Leaders in Medical Education

Dr. Ruth Bush JD/MD, Vice Dean of of Academic Affairs at Texas A&M Health Science Center

Thasin Jaigirdar
Published on Mar 23, 2015. Updated on Invalid date.

Dr. Ruth Bush JD/MD serves as Vice Dean for Academic Affairs at Texas A&M Health Science Center. Dr. Bush is a specialist in vascular surgery, is director of the Vein Care Center at Scott & White Hospital and is Chief of Vascular Surgery at the Olin E. Teague Veterans Affair Hospital in Temple. She received her MD in 1992 and her MPH in 2005 from the University of North Carolina’s School of Medicine in Chapel Hill. She completed a general surgery residency at University of California Davis Medical Center in Sacramento and a Vascular Surgery fellowship at Emory University Hospital in Atlanta.

How did you get interested in medicine?

I’m one of these geeky individuals who decided early, actually in the summer between 8th and 9th grade, that I wanted to become a doctor. I watched some people around me with medical issues, specifically my father and I thought that I could have done a better job. I was very focused from that summer onward and didn’t consider anything else.

What had driven your interest in Vascular Surgery?

I entered medical school thinking I wanted to be an internist and specifically wanted to do cardiology. My first experience in internal medicine was not interesting. All of the patients were always sick and looked the same to me. When I did my rotation in surgery, that specialty  really clicked with me. Surgeons looked like the only people having fun, the field was active, and theywere making a difference in people’s lives.

Vascular surgery also made a lot of sense to me.  I had a good mentor when I was at UNC’s School of Medicine who was the Chief of Vascular Surgery. Vascular surgery is very well defined field and everything is mathematical and about physics because it is built around physical equations and mathematical models. This logic really appealed to me.

 I see that you have a JD and an MPH in addition to your MD. We now see many Medical Students getting multiple degrees. What are your thoughts on this trend becoming more of the norm than the exception? Also, out of curiosity, how has your JD degree complemented your Medical Career?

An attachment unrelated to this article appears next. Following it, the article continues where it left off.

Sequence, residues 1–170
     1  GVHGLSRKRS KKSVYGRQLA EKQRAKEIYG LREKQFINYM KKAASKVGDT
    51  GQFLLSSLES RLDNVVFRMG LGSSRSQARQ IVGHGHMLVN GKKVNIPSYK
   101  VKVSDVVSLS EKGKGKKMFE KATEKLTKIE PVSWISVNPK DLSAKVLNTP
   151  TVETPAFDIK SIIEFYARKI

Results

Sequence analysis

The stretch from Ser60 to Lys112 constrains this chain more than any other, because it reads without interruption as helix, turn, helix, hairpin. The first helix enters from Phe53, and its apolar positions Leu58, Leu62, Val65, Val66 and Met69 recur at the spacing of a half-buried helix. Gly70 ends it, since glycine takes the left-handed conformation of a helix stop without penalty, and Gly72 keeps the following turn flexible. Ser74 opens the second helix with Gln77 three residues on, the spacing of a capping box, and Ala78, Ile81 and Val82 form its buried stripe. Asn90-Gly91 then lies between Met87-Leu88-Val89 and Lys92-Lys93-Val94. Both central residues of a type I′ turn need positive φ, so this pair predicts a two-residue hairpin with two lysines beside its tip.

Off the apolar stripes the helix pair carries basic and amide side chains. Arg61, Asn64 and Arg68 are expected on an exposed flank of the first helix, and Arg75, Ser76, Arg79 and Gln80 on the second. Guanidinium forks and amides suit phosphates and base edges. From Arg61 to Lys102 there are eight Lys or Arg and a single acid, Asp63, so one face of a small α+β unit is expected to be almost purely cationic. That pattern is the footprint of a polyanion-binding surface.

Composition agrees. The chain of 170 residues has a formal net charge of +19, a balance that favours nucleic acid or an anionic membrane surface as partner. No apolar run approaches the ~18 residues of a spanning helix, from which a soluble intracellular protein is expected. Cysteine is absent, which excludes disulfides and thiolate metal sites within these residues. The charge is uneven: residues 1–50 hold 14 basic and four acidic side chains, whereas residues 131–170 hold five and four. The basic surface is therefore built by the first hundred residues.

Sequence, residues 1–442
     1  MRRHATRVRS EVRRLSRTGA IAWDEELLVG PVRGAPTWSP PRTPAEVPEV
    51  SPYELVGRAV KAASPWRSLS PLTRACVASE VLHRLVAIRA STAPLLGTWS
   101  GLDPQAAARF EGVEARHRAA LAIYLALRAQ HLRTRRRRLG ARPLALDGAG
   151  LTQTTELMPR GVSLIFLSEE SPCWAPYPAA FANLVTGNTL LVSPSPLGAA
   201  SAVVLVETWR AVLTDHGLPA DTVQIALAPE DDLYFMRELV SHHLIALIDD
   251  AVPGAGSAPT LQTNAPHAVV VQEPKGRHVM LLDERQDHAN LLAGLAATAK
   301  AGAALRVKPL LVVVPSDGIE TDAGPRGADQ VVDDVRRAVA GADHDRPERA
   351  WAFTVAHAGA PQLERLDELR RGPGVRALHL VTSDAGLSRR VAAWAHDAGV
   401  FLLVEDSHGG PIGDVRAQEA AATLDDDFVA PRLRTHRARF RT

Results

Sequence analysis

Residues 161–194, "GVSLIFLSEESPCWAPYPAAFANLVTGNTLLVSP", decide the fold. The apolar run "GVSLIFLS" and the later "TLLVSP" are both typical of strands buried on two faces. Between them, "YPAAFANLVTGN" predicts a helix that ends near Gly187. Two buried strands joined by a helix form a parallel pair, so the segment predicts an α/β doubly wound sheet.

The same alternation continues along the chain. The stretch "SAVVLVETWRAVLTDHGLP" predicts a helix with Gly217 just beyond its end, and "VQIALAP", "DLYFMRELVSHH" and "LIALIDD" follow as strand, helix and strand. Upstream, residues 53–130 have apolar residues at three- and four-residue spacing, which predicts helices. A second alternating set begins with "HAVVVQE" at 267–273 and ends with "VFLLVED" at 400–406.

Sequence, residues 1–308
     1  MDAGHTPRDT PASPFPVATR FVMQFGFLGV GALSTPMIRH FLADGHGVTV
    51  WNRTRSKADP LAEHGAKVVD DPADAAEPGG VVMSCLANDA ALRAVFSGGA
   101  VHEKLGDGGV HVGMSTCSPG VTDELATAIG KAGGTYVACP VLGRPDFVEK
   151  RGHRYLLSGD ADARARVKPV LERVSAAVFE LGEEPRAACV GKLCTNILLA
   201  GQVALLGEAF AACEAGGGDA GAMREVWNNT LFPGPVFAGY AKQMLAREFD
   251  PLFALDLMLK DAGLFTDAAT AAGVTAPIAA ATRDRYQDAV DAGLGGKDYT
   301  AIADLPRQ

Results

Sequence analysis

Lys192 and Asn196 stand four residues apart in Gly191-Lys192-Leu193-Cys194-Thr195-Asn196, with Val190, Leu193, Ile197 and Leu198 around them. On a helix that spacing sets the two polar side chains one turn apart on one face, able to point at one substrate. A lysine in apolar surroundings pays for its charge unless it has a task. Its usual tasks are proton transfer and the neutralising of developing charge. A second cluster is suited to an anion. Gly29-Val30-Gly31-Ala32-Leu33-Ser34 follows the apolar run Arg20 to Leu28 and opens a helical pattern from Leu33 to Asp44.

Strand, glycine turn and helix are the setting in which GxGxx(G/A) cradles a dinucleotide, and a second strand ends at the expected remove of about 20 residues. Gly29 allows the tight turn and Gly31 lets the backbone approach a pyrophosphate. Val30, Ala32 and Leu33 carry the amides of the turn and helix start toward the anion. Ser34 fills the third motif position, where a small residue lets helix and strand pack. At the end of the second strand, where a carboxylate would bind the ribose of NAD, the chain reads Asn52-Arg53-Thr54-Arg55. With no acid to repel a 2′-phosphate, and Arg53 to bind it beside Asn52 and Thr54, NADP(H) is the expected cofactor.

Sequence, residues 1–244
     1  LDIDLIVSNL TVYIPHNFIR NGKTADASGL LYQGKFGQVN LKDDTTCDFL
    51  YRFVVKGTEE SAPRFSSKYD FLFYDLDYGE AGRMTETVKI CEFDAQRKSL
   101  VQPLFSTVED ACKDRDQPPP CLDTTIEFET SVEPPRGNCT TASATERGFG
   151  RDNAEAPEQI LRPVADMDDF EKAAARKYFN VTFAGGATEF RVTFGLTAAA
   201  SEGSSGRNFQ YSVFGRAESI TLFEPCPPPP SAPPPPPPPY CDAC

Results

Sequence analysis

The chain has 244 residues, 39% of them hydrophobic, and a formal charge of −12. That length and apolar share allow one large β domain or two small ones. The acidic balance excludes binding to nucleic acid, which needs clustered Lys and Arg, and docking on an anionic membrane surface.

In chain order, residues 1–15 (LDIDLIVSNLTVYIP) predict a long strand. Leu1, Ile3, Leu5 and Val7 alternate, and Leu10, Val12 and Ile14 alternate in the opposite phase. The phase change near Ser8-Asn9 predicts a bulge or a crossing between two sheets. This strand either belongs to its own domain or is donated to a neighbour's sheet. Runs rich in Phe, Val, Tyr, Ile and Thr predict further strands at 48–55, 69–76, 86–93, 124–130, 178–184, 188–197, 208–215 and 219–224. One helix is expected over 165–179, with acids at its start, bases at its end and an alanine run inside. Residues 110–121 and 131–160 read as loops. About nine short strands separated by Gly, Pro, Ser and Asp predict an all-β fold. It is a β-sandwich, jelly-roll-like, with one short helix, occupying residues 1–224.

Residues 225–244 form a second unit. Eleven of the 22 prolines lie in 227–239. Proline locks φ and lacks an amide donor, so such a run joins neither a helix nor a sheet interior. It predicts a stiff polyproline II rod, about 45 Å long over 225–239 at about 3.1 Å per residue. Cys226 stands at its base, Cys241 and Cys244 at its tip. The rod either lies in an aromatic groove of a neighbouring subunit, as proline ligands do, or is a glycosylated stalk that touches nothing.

It does seem much more common now, especially with residents. I don’t know if it is becoming more the norm, but it has become more common place. I think it is because a lot of medical students are not going straight through from college to medical school and are instead pursuing other interests prior to embarking on their medical career.

I went back to school several years ago to get the law degree. In that time in my life I was running the residency programs at Cott & White/ Texas A&M. I was the ACGME Designated institutional Official and was also overseeing the undergraduate education component with medical school students.

Students and residents alike don’t get much training in healthcare policy, malpractice, how to stay out of trouble, and ethics. I wanted to be able to teach those subjects and expand the curriculum.

I haven’t taken, nor do I plan to take, the bar exam, as my plan has never been to practice law. However, having the degree has allowed me to incorporate principles I learned with how I approach legal and ethical problems with physicians, student, and residents.  There is only one other vascular surgeon right now has an MD/JD, who served as an advisor to me throughout the process.

I have given talks at the regional and national level on the legal aspects of  medical practice. I wish I had more time to study it, it is a completely different career, but a lot of principles do overlap. It is a very interesting field and has really complimented my career as a physician. It’s another variable that I can now talk about.